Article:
|Cited Patent||Filing date||Publication date||Applicant||Title|
|US3104293 *||Mar 17, 1961||Sep 17, 1963||Rendler John E||Hospital call signal switch|
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|Citing Patent||Filing date||Publication date||Applicant||Title|
|US5999100 *||Jun 15, 1998||Dec 7, 1999||Dwyer Precision Products, Inc.||Pneumatically actuated patient monitor having multiple pulse generators|
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|US7292150 *||Apr 22, 2005||Nov 6, 2007||Mark Shaw||Patient monitoring system|
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|US8717181||Jan 31, 2011||May 6, 2014||Hill-Rom Services, Inc.||Bed exit alert silence with automatic re-enable|
|US20010001237 *||Dec 21, 2000||May 17, 2001||Senior Technologies, Inc.||Patient monitoring system|
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|U.S. Classification||340/573.4, 200/51.09, 600/595|
|International Classification||H01H3/24, G08B5/22, G08B21/22|
|Cooperative Classification||G08B5/222, G08B21/22, H01H3/24|
|European Classification||G08B21/22, H01H3/24, G08B5/22C|
|Apr 21, 1997||AS02||Assignment of assignor's interest|
|Apr 21, 1997||AS||Assignment|
Owner name: DWYER PRECISION, A DIVISION OF WESCOM, INC., FLORI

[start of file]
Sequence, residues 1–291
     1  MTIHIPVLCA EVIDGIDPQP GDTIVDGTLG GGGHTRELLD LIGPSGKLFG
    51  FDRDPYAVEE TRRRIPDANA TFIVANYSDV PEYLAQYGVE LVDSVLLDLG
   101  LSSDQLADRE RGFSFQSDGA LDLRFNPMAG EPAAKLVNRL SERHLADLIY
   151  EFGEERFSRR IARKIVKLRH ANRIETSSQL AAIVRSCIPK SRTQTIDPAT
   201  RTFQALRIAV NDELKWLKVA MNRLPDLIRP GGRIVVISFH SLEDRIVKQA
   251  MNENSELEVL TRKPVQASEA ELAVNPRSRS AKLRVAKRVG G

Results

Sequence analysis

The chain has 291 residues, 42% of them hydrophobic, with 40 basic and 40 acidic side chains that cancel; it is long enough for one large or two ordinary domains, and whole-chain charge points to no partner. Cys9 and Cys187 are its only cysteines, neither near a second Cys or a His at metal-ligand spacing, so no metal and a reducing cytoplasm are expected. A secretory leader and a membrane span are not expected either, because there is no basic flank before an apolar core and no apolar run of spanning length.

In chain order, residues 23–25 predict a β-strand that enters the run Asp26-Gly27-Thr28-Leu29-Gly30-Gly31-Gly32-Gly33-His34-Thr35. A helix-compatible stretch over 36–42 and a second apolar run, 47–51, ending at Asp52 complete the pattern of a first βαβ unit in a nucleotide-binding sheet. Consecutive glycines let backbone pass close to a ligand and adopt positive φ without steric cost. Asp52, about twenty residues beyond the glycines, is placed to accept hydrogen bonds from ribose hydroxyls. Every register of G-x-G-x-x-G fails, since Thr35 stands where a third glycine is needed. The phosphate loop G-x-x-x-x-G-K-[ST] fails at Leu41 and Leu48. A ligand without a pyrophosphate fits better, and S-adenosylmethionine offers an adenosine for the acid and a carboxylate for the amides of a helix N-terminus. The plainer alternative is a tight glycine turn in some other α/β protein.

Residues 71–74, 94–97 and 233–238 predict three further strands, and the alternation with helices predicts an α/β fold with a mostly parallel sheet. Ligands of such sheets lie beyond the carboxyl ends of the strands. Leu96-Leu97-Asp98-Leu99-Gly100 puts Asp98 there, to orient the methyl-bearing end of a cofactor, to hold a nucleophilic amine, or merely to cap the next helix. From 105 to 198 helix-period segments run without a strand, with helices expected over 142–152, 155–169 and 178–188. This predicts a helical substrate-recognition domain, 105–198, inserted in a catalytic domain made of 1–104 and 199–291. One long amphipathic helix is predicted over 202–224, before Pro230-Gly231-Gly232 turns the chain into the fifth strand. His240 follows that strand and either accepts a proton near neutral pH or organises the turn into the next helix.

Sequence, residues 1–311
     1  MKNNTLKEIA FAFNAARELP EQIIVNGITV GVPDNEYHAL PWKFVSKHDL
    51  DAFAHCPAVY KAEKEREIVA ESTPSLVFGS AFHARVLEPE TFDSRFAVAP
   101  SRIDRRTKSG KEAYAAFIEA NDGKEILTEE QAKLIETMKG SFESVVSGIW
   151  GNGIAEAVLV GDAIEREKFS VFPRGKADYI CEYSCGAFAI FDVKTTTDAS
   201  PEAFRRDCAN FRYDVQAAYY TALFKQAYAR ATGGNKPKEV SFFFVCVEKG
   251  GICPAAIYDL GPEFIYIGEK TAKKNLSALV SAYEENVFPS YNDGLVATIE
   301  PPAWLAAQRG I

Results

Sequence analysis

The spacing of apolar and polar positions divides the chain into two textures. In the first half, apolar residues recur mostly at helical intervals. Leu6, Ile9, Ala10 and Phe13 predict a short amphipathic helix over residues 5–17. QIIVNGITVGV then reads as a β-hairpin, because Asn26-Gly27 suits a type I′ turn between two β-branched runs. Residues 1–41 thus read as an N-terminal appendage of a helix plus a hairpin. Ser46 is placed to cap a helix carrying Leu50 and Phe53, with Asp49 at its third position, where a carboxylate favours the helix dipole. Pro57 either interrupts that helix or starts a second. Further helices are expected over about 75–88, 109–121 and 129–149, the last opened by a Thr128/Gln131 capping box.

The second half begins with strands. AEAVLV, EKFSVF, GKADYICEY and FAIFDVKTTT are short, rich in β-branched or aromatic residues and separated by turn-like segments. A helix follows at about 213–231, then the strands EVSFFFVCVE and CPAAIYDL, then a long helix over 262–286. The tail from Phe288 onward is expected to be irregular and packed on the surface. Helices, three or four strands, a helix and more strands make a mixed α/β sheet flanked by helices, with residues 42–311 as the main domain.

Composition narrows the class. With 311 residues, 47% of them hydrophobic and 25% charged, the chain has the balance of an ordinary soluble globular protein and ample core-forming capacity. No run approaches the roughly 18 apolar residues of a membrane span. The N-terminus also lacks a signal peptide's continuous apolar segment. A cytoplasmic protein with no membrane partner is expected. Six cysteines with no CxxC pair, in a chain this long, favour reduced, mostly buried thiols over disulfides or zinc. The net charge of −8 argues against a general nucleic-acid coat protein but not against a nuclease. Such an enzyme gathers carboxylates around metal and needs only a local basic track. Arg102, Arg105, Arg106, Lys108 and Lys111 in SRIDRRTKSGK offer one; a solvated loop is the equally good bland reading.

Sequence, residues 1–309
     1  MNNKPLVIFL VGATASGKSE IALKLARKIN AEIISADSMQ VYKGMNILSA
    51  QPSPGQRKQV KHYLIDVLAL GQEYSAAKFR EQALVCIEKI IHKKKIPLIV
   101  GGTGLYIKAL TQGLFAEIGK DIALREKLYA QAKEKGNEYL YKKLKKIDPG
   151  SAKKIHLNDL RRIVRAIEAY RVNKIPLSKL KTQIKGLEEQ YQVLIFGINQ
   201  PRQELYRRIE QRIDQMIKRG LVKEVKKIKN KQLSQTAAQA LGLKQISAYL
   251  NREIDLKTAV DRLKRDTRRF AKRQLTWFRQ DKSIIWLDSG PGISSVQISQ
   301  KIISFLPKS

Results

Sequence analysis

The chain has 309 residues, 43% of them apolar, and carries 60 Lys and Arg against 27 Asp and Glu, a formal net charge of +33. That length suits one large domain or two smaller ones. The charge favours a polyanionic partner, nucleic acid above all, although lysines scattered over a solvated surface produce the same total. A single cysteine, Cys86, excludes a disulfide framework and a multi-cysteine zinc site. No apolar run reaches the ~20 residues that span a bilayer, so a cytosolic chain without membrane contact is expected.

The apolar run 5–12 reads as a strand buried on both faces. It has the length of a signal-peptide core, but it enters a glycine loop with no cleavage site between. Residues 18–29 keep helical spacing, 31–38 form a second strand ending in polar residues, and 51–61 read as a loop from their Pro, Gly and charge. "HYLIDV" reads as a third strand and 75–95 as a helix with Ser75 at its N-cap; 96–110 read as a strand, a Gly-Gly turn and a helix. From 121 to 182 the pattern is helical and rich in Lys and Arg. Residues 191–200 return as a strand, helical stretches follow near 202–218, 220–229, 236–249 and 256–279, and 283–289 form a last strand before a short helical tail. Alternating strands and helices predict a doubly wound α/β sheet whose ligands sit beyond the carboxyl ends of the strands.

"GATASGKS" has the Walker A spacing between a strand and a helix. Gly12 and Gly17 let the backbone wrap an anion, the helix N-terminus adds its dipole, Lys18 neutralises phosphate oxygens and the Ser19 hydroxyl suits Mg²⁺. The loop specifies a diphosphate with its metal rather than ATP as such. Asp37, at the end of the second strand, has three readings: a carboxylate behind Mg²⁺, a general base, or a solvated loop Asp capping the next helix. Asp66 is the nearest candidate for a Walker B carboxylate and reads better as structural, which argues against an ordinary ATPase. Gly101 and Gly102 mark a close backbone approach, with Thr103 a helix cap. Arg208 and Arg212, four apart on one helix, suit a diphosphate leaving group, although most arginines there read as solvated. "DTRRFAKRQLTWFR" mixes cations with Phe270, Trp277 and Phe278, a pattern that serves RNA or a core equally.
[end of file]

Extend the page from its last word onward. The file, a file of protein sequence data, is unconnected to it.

Free format text: ASSIGNMENT OF ASSIGNORS INTEREST;ASSIGNORS:WRIGHT, MACK;ROBERTS, GEORGE;WECHTENHEISER, BERT;REEL/FRAME:008649/0492
Effective date: 19970331
|Dec 14, 2001||FPAY||Fee payment|
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|Jan 9, 2002||REMI||Maintenance fee reminder mailed|
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|Jan 11, 2006||FPAY||Fee payment|
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|Jan 11, 2006||SULP||Surcharge for late payment|
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|Jan 18, 2010||REMI||Maintenance fee reminder mailed|
|Apr 7, 2010||SULP||Surcharge for late payment|
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|Apr 7, 2010||FPAY||Fee payment|
Year of fee payment: 12